This summer is going crazy and heatwaves are triggering dramatic living conditions around the world. While major heat wave is bringing record-breaking temperatures to Southern California, another heatwave has already killed 54 people in Quebec, Canada, and Britain is baking and its roads are melting. Finally, Africa has witnessed it’s highest temperature ever recorded, 124.3F, in Algeria and temperatures are breaking new records in Iran. The world is boiling, water is disappearing… Is the end coming? Let’s start with the USA:
A major heat wave is bringing record-breaking temperatures to Southern California. By 1 p.m., temps in Woodland Hills hit 115 degrees, shattering a record of 106 set in 1976. Heat records for Burbank, Van Nuys and downtown Los Angeles fell early. Downtown Los Angeles hit 95 degrees before 11 a.m., breaking the previous record of 94 degrees set in 1992.
Excessive heat watches are in effect through all of Los Angeles, Orange, Riverside, San Bernardino and Ventura counties. Friday’s forecast for Malibu is 95 degrees, while the valleys could hit a scorching 117 degrees. Red flag warnings are also in effect due to the wind, the high heat and low humidity. This dangerous heat wave is expected to fueling existing wildfires in the area.- CBS Local Los Angeles
Meanwhile in Quebec, Canada, 54 people were killed by a blistering heat this week. Twenty-eight of the deaths were in Montreal. The region has seen record high temperatures and high humidity since last Sunday. Temperatures were in the mid-90s for Montreal on Sunday and Monday, about 20 degrees higher than the normal temperatures this time of year.
Environment Canada lifted heat warnings Friday, despite expectations that temperatures will once again rise early next week. – News 5 Cleveland
As temperatures continue to sizzle across the UK this weekend, Brits have taken to social media to share hilarious pictures to sum up the heatwave. Britain is currently basking in a 30C heatwave and for a country that is used to rain and fog, there are are naturally some unexpected problems that arise from the lovely weather.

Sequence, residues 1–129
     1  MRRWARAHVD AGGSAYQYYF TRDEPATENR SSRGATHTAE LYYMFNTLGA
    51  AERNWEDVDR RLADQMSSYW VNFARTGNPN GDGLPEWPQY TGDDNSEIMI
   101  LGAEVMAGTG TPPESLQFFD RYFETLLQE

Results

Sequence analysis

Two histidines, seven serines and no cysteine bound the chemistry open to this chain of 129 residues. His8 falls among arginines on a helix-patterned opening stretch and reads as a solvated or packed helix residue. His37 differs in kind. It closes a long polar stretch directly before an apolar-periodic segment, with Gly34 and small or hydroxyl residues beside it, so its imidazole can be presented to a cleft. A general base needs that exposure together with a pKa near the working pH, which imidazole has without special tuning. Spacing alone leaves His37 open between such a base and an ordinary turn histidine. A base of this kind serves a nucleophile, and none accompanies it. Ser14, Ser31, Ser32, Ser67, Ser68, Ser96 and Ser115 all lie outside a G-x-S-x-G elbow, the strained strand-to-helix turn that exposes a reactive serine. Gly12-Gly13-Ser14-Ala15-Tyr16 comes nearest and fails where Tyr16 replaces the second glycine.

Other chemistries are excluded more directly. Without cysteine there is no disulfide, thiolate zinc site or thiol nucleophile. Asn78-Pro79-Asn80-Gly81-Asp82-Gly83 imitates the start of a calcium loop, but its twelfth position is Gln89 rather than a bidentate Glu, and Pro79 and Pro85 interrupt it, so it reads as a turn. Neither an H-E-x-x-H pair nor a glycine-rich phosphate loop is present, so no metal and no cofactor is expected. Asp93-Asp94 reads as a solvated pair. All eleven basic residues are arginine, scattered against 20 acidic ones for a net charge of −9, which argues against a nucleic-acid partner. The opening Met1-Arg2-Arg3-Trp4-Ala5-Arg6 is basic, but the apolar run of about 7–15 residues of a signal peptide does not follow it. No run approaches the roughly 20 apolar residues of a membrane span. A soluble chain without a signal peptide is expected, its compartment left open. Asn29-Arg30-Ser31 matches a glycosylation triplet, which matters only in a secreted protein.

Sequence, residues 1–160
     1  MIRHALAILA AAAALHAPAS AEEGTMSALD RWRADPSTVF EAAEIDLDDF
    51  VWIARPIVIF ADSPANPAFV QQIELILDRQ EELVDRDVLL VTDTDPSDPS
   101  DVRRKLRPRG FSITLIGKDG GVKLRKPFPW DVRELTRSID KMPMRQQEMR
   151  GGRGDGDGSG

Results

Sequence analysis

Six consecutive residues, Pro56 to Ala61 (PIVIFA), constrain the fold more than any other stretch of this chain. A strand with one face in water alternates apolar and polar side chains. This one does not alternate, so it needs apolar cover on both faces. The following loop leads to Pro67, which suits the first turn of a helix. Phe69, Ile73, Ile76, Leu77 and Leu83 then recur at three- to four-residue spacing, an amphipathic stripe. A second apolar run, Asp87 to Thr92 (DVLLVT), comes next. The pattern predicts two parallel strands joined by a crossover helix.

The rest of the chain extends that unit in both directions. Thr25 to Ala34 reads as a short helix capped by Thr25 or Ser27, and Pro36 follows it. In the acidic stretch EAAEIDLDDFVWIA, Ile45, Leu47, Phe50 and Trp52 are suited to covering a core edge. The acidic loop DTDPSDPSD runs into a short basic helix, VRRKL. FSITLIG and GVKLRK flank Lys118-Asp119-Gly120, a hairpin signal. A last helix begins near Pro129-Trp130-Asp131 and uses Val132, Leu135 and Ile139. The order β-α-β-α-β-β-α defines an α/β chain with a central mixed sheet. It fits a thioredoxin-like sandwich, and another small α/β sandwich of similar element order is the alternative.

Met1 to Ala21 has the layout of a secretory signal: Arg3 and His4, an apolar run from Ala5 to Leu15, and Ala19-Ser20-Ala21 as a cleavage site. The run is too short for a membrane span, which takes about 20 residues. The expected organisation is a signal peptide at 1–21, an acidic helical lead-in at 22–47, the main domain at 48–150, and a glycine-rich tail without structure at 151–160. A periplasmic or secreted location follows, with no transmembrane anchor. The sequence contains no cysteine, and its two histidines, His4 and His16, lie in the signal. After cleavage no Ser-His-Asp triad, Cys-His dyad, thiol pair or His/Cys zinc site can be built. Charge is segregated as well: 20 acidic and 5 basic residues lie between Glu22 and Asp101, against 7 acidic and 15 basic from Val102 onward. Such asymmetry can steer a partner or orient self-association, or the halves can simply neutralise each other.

In Berkshire, a bin lorry sunk into a hole in a road after the summer heat melted the asphalt. In Tyne and Wear,an unnamed 24-year-old man’s foot became stuck after the tarmac beneath him melted and gave way.
Today we had an incident in Heaton, young man stepped on some tarmac and lost his footing The tarmac had become so soft during the current heatwave that it melted. He stayed calm & called 999 Thankfully he didn’t break his ankle he was wearing his granddads @drmartens!#StaySafe pic.twitter.com/D77PdsC9wG
— Tyne and Wear FRS (@Tyne_Wear_FRS) July 5, 2018
He became stuck up to his thigh and had to call 999 to be freed. – ITV
An intense heat wave is shattering temperature records in Iran and the Caucasus nations of Azerbaijan, Armenia, and Georgia, causing power shortages that are adding to discomfort in the region.
Weather experts on July 6 said the heat wave is the result of a high-pressure dome or heat dome that formed over the Eurasian region and reaches as far north as southern Russia, where temperatures hit a record high for June on June 28.
In the Georgian capital, Tbilisi, temperatures soared to a record of 41 degrees Celsius on July 4, contributing to unhealthy air pollution levels reported by the National Environmental Agency.
Earlier in the week, on July 1, temperatures hit a record 43 degrees in the Azerbaijani capital of Baku, prompting heavy use of air-conditioning that the government said caused an explosion at a hydroelectric power plant and a nationwide power outage.
A day later, temperatures soared to a record high 42 degrees in Armenia’s capital, Yerevan, while Iran experienced its hottest July temperature ever — 53 degrees — causing misery and power shortages and prompting the government to change work hours in Tehran to save electricity. – RfERL
The planet’s hottest continent, Africa, probably just endured its hottest weather ever reliably measured. An Algerian city soared to 124.3 degrees (51.3 Celsius) Thursday, adding to the onslaught of records for extreme heat set around the planet during the past 10 days.
The blistering-hot temperature reading, observed in Ouargla, is probably the highest temperature ever reliably measured both in Algeria and in all of Africa. The record was first identified by weather records expert Maximiliano Herrera.
Ouargla, with a population of nearly half a million, is located in north central Algeria, roughly midway between Morocco and Tunisia. – Washington Post
This probable all-time heat record is one of many set over the past 10 days because of numerous intense heat domes scattered around the Northern Hemisphere. Locations where heat records have been set include:
- In North America: Denver; Montreal; Mount Washington, N.H., and Burlington, Vt.
- In Europe: Glasgow, Scotland, Shannon, Ireland, Belfast, and Castlederg, Northern Island
- In Eurasia: Tbilisi, Georgia and Yerevan, Armenia
- In the Middle East: Quriyat, Oman, which posted the world’s hottest low temperature ever recorded on June 28: 109 degrees (42.6 Celsius).
- Arctic: In Northern Siberia, along the coast of the Arctic Ocean, model analyses showed temperatures rose over 40 degrees above normal on July 5, above 90 degrees. Data here is scarce so records cannot be confirmed for this exceptional anomaly.
Heat waves like this are likely to be more frequent going forward than they have been in the past. Last month, a montly heatwave baked the entire county of Mexico, even melting traffic lights! Get prepared!